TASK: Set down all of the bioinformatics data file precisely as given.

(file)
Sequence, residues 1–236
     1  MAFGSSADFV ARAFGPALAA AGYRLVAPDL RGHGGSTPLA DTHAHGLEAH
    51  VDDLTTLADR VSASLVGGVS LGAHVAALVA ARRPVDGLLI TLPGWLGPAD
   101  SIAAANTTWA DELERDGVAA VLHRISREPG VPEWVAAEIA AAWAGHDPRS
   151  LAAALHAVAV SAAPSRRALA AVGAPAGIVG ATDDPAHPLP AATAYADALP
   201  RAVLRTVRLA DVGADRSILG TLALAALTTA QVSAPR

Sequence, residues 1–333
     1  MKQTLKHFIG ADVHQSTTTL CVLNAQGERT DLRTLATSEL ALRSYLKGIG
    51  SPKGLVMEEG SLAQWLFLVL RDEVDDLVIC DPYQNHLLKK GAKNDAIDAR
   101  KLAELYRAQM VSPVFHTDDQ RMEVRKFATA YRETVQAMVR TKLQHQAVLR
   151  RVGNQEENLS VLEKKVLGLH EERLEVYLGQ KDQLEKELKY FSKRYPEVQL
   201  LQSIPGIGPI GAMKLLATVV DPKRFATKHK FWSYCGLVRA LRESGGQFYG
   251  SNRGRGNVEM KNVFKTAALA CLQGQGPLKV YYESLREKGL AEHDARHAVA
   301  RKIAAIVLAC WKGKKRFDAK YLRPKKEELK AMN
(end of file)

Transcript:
Sequence, residues 1–236
     1  MAFGSSADFV ARAFGPALAA AGYRLVAPDL RGHGGSTPLA DTHAHGLEAH
    51  VDDLTTLADR VSASLVGGVS LGAHVAALVA ARRPVDGLLI TLPGWLGPAD
   101  SIAAANTTWA DELERDGVAA VLHRISREPG VPEWVAAEIA AAWAGHDPRS
   151  LAAALHAVAV SAAPSRRALA AVGAPAGIVG ATDDPAHPLP AATAYADALP
   201  RAVLRTVRLA DVGADRSILG TLALAALTTA QVSAPR

Sequence, residues 1–333
     1  MKQTLKHFIG ADVHQSTTTL CVLNAQGERT DLRTLATSEL ALRSYLKGIG
    51  SPKGLVMEEG SLAQWLFLVL RDEVDDLVIC DPYQNHLLKK GAKNDAIDAR
   101  KLAELYRAQM VSPVFHTDDQ RMEVRKFATA YRETVQAMVR TKLQHQAVLR
   151  RVGNQEENLS VLEKKVLGLH EERLEVYLGQ KDQLEKELKY FSKRYPEVQL
   201  LQSIPGIGPI GAMKLLATVV DPKRFATKHK FWSYCGLVRA LRESGGQFYG
   251  SNRGRGNVEM KNVFKTAALA CLQGQGPLKV YYESLREKGL AEHDARHAVA
   301  RKIAAIVLAC WKGKKRFDAK YLRPKKEELK AMN